For years, social scientists have believed that children of divorce have had more behavior problems than kids growing up in two-parent homes.
But the impact may not be as damaging as previously believed, according to new research to be released Friday.
Instead of comparing these youngsters to those with intact families - the usual methodology - a more accurate assessment would be to evaluate them before and after the marital dissolution, argues Alan Li of the RAND Corp.
Many of the problems could be a result of pre-existing personal characteristics that would be a factor in emotional and behavioral issues even if their parents had managed to remain married, said Li, who will present his findings this weekend at the annual conference of the Council on Contemporary Families, or CCF, at the University of Illinois Chicago.
"Many studies end up comparing apples and oranges," Li explained. "Personality, parenting strategies and detailed aspects of a person's biography all affect children, but researchers haven't been able to measure many of these constructs."
In addition, the report said, many earlier studies failed to take into account differences between families, such as parents' socioeconomic status and education, which can affect a youngster's well-being, whether a couple stays together or not.
When these variables are added to the mix, the psychological fallout is negligible, said Li, associate director of the Population Research Center for the Santa Monica, Calif.-based nonprofit.
He drew upon a national sample of about 6,330 children between the ages of 4 and 15, whose mothers were surveyed repeatedly between 1979 and 2002.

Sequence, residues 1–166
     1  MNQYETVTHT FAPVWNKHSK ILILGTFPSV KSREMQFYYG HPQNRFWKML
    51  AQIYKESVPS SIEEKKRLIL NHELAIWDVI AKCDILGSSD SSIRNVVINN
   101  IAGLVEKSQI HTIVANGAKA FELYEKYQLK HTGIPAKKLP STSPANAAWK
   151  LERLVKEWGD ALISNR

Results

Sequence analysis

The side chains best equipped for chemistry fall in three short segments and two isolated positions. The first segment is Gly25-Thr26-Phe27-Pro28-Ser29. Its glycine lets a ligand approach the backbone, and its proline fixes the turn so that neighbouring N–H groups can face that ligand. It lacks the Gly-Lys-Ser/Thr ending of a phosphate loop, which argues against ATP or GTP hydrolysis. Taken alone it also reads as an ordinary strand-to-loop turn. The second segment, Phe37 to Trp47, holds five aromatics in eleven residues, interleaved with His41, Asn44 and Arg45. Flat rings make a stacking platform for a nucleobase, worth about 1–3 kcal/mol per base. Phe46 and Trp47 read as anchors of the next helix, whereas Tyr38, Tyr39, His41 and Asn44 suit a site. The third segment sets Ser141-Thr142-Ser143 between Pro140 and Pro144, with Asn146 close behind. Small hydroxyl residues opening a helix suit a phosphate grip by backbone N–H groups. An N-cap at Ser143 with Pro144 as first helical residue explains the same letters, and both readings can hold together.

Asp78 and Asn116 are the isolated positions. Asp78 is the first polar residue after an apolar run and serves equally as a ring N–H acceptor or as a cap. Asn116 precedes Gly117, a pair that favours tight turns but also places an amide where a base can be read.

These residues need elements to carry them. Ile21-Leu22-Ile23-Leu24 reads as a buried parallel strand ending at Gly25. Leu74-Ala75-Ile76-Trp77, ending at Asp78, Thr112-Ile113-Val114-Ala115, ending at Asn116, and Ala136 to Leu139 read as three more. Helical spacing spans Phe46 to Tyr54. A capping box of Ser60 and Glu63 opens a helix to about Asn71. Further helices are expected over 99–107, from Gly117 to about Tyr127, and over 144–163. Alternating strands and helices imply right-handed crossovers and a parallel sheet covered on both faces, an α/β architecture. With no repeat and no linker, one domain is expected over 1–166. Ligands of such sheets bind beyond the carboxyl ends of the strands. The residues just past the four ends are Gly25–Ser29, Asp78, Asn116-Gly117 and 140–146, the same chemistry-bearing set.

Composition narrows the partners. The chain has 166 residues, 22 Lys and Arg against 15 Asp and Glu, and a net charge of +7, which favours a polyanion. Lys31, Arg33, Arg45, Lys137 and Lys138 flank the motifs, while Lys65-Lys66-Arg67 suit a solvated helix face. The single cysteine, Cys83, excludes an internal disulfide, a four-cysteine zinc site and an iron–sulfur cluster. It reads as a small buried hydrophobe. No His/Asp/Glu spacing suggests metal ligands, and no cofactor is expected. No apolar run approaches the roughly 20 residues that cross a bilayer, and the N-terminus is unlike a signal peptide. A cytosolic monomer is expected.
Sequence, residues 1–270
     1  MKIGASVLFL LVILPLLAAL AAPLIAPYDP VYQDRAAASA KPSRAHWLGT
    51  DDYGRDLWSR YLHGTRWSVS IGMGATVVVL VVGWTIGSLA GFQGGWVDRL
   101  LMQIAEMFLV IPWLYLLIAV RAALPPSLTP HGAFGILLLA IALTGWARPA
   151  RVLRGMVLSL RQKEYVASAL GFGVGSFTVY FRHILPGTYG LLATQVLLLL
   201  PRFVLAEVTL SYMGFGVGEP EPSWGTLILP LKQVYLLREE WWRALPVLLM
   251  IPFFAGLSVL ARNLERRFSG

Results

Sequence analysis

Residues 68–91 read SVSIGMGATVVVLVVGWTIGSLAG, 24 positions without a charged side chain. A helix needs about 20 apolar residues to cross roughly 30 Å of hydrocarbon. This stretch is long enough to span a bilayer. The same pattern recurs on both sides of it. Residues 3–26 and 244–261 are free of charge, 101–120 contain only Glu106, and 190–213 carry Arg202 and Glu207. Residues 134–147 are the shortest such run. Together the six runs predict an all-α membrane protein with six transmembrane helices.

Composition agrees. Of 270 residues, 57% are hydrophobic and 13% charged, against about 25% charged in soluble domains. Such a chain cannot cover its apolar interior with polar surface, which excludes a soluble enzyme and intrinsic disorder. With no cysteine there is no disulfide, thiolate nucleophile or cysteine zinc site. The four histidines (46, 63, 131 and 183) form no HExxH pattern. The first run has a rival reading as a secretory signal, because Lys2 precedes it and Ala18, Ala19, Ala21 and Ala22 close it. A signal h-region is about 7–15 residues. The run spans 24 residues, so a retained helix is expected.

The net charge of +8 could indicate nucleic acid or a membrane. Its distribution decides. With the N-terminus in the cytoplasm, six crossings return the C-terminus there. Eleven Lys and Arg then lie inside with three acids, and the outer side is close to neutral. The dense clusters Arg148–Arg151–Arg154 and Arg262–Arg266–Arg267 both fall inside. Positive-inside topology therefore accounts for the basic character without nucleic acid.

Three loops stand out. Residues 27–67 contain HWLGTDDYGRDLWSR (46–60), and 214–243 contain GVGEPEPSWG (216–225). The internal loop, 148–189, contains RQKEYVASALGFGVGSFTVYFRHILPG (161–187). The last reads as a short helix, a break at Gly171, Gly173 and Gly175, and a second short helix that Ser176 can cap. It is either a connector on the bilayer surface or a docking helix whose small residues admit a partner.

Mothers filled out a 28-item checklist on whether their children engaged in conduct such as cheating, crying, arguing and breaking things. On average, less than half showed a one-item increase after divorce, which is not statistically significant.
Stephanie Coontz, a historian who has written extensively on marriage, called the findings provocative, adding that they could reframe the national debate on divorce.
To increase the odds of long and happy unions, states such as Oklahoma are funding marriage education programs, while others want to make divorce tougher. In Louisiana, for example, the waiting period for couples with children doubled from six months to one year.
However, these findings suggest that staying together at all costs may not be the best way to intervene, said Coontz, CCF's director of research.
Robert E. Emery, a professor of psychology at the University of Virginia, takes issue with the conclusion. While Li may not have found increased negative behavior, less quantifiable is the hurt that can reverberate across a lifespan, he explained.
"For example, graduation and weddings can be turned into anxiety-ridden events for children whose parents are divorced . . ." Emery wrote in a response to Li's findings.
Closer to home, most experts agreed that it isn't the split but the discord attached to it that is so harmful.
In eight years as a mediator in the domestic relations division of Cook County, Ill., Circuit Court, Jeff Ginsburg has seen it all. "It never ceases to amaze me when divorcing parents cannot get past their anger with each other to decide what is in the best interest of their children."
Two periods of conflict surround dissolution, said Ginsburg, who is both a social worker and an attorney.
More about this in the Bradenton Herald.